Should South Africa have its own cricket Big Bash?

2014-02-08 00:00

CAPE TOWN — Piggy-backing good ideas doesn’t always work, of course.

But considering the success in its third year of Australia’s Twenty20 Big Bash League, it is worth examining whether South Africa might be able to rejuvenate its own slightly labouring T20 competition through a reasonably similar model.

The Australian and South African domestic landscapes are strikingly similar: the two biggest Southern Hemisphere powers in the game have three major competitions and two of them each feature six state or “franchise” in our case, teams.

But a crucial difference lies in the way the Aussies structure their main money-spinner — the T20 competition.

Three years ago they broke down the six state-based sides for T20 purposes, changing the teams to eight clearly city-identifiable franchises, including two each for the major metropolises of Sydney (Thunder and Sixers) and Melbourne (Renegades and Stars) that have helped create derby spirit.

Several of the Aussie teams boast continuous upward trends in crowd figures and they have also laid on the various,­ associated “bells and whistles” making pitching up at the games vitally appealing to broader audiences than just outright cricket-lovers.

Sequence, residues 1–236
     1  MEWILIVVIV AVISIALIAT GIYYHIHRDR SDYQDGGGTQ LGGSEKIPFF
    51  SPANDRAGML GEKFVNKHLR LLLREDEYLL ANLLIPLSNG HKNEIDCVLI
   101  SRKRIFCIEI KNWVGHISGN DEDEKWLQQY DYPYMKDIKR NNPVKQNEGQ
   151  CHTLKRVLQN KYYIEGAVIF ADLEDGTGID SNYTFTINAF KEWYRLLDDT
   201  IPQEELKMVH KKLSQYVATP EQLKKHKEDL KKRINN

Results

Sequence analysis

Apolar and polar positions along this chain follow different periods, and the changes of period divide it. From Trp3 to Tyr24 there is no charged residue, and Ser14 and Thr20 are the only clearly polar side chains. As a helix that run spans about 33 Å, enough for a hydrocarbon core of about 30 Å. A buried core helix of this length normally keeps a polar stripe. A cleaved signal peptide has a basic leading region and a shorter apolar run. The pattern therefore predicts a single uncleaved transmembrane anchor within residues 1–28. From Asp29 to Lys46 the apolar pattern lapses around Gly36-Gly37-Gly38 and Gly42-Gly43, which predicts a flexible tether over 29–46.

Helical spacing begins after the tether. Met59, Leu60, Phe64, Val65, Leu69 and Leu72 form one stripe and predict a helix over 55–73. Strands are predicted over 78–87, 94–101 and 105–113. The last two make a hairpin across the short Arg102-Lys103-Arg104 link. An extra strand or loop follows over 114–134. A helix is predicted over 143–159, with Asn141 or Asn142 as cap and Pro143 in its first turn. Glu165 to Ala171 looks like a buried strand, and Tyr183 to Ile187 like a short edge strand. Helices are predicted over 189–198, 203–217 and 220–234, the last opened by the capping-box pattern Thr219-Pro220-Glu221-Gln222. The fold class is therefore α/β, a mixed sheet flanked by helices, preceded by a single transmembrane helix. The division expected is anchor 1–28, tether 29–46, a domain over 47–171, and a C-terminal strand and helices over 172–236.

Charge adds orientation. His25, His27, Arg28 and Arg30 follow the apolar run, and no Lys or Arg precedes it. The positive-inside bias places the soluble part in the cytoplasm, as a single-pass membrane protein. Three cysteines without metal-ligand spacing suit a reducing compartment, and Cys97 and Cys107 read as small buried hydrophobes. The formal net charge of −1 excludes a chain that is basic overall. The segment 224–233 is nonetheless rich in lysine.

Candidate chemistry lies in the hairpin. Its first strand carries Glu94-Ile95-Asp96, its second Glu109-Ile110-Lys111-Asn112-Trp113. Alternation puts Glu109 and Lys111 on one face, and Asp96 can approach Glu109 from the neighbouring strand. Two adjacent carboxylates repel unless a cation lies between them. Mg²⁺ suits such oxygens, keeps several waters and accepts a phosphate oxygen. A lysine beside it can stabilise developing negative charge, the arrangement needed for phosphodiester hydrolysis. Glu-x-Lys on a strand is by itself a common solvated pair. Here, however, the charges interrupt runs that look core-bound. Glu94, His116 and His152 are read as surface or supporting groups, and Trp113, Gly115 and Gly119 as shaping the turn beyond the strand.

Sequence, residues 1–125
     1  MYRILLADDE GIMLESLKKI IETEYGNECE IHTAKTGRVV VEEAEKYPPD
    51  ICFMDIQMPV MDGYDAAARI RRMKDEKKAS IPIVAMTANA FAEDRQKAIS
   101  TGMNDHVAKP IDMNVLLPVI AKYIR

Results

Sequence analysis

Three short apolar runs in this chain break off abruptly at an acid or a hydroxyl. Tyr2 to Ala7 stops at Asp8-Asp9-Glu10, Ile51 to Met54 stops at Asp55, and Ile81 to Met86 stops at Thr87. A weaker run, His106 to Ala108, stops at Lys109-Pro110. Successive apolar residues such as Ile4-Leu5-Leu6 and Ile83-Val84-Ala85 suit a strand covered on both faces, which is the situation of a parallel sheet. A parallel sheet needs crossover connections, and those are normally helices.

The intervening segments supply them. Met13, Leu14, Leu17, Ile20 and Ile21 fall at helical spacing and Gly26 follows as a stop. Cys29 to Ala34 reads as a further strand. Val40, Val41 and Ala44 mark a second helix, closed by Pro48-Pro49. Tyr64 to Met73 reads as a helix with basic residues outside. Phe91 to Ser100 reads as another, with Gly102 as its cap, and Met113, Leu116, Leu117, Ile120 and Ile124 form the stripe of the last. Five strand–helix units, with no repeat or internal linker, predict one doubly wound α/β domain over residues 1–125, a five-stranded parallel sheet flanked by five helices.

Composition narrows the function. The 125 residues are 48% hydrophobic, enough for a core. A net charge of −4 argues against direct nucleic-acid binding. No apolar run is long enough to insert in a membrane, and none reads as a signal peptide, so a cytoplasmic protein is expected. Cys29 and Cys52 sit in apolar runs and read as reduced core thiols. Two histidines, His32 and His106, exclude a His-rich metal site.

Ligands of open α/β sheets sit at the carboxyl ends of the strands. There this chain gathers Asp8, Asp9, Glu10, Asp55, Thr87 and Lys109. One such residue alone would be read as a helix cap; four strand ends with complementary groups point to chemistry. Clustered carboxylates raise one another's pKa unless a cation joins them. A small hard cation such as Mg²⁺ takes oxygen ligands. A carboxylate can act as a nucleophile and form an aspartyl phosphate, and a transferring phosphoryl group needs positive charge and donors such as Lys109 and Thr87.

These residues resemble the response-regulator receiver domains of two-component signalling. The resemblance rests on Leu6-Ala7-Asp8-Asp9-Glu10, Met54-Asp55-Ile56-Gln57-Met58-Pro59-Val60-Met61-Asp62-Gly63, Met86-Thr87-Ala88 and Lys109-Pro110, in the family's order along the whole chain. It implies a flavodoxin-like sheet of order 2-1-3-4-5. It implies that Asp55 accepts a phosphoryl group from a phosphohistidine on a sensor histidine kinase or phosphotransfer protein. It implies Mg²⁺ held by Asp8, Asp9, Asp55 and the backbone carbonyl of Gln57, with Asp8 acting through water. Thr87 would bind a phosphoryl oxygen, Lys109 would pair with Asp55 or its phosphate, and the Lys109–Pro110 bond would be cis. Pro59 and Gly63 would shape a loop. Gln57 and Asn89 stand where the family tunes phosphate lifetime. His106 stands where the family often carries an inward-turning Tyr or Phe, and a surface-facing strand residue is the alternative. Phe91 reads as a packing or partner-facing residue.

In 2011/12, Cricket South Africa, did try something different by introducing a new team, the New Age Impi, but it was a notably failed experiment.

But could South Africa feasibly expand its own T20 competition to eight teams, perhaps also with the new marketing and PR potential that would come with the Highveld Lions morphing into the “Jo’burg Lightning” or the Cape Cobras becoming, say, the “Cape Town Southeasters” in the game’s shortest format?

The big provisos would be whether the country would boast the depth of credible enough talent to sustain two extra sides and, just as importantly, which regions (or cities) should be the beneficiaries.

Cobras coach Paul Adams made the good point on Thursday that the Aussie competition is flush enough to be able to include many more overseas big names than its SA equivalent.

“Strengthening local sides that way depends on the financial state of the franchises concerned, and a big drawback is probably the weakness of the rand to the dollar right now,” he said.

“Look, certain grounds here are pulling in the crowds and others have been low ...”

Should South African contemplate expanding, and renaming the T20 franchises to give a “city” feel, centres that might benefit, hypothetically, would be Paarl — creating a second Western Cape side, where the bulk of crowd support lies — and perhaps through a split of the Warriors franchise back into separate Port Elizabeth and East London units, also fostering a derby factor.

A third Highveld side, based at Benoni or Potchefstroom, might also be an option.

But money remains a notably obstacle to such dreams, it seems …

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